Taking photographs is Weerakit’s own form of meditation. This young girl, below, was one of the people in India who taught him to be satisfied with what he has.
Neither his books nor his blog are intended to provide a how-to guide for a happy life. Instead the series offer basic philosophy that is easy to read. However, one needs life experience to comprehend the message.
Reading his comics, Weerakit said, is like reading a philosophy book, with between-the-line messages. Grown-up readers may get the message more clearly than the younger ones. Weerakit said he did not get the message when he first read a book by the revered Buddhadasa at 15, but began to understand more on the third reading at 30.
Now, after getting up at 5am, he will spend the morning uploading cartoons he sketched on paper the day before to his blog, interact with friends on the blog, visit some 200 blogs of his friends, and deal with emails before opening the shop at 9am. He now also uploads photos of his son to show his progress to his friends since his birth last year.
Answering every post soon made him almost a shrink for his blog followers. Questions posted by his followers on his blog vary from philosophy to morality; and from relationships to family conflicts and love triangles. One of the most common questions is how to handle a situation when you become a third party in a relationship. But Weerakit chooses not to offer any a solution. Instead, the blogger always provides an open answer to every post and that makes his writing rational and popular.
''Everyone knows the answer too well, but not everyone does the right thing,'' said the blogger. But they only need a second opinion. All he does is to hit back with questions like: ''Will you be able to handle the reactions from people around you?'' or ''Are you really happy in the situation?''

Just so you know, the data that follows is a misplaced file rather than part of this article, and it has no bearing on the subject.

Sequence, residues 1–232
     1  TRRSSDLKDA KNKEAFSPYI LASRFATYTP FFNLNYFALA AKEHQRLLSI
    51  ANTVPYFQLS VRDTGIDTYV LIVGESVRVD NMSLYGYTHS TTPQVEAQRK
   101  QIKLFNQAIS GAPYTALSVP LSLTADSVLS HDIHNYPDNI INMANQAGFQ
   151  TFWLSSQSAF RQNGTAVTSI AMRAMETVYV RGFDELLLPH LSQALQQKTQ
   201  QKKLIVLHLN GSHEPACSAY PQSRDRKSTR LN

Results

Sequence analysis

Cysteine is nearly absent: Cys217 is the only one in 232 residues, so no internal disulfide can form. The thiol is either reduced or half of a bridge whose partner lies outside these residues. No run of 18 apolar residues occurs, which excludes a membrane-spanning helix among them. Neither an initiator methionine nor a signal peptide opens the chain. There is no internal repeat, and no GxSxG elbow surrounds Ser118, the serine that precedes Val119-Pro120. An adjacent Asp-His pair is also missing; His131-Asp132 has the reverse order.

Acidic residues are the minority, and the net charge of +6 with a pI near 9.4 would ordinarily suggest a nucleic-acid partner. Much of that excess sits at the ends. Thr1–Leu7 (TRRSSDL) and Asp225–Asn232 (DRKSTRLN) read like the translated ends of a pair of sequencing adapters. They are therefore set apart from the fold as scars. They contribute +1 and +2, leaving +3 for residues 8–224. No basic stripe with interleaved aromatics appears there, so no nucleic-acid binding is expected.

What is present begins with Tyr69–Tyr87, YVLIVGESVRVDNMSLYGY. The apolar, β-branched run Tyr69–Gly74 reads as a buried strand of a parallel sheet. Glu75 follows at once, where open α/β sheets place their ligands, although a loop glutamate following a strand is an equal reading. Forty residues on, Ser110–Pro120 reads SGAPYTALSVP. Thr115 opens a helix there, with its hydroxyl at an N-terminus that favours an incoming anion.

To stay mindful in every moment of life, said the self-exploratory Buddhist, is the core of Buddhist practise.
''Dharma is everywhere, not only in the temple,'' he said. From his experience, he doesn't practise at the temple. However, his meditation begins when he lays a paintbrush on the canvas. At that moment, he said, his mind achieves serenity.
He learns from books and life experience. On a pilgrimage to India last year, he did not practise vipassana by meditating in peace with the other 120 monks and 80 faithful Buddhists who joined the trip; he chose to stay mindful through the lens. While others were meditating, he walked around the temple, with his camera and lenses, studying its archi tecture. In the one-week trip, he took 3,500 shots, half of which were of beggars on the streets. The large number of the beggars _ many were disabled _ and the emptiness and their plight, gave him a thought.
''Instead of being satisfied with a simple meal like those beggars, most of us have almost a perfect life,'' he said. Yet very few are satisfied with what they have.
''I lost most of my greed and desire in that trip,'' said Weerakit whose desire now is limited to only new lenses for photography that has become less necessary.
Dharma can't be taught, said Weerakit. Some are not ready to change. ''But it needs to be discovered and learned by yourself.''
However, he promises to continue updating his philosophy comics on his blog, his way to practise mindfulness, and to share his take on life and dharma _ until he feels it is time to stop.
Staying mindful for him is paying deep attention to everyone and everything before him, without likes and dislikes. He believes this is the essential step for him to reach nirvana _ the ultimate goal for a Buddhist to end the cycles of life.
For Weerakit, his mindfulness practises are photography, drawing and blogging. It is different from conventional meditation. But he believes it will get him there all the same, if he keeps working at it.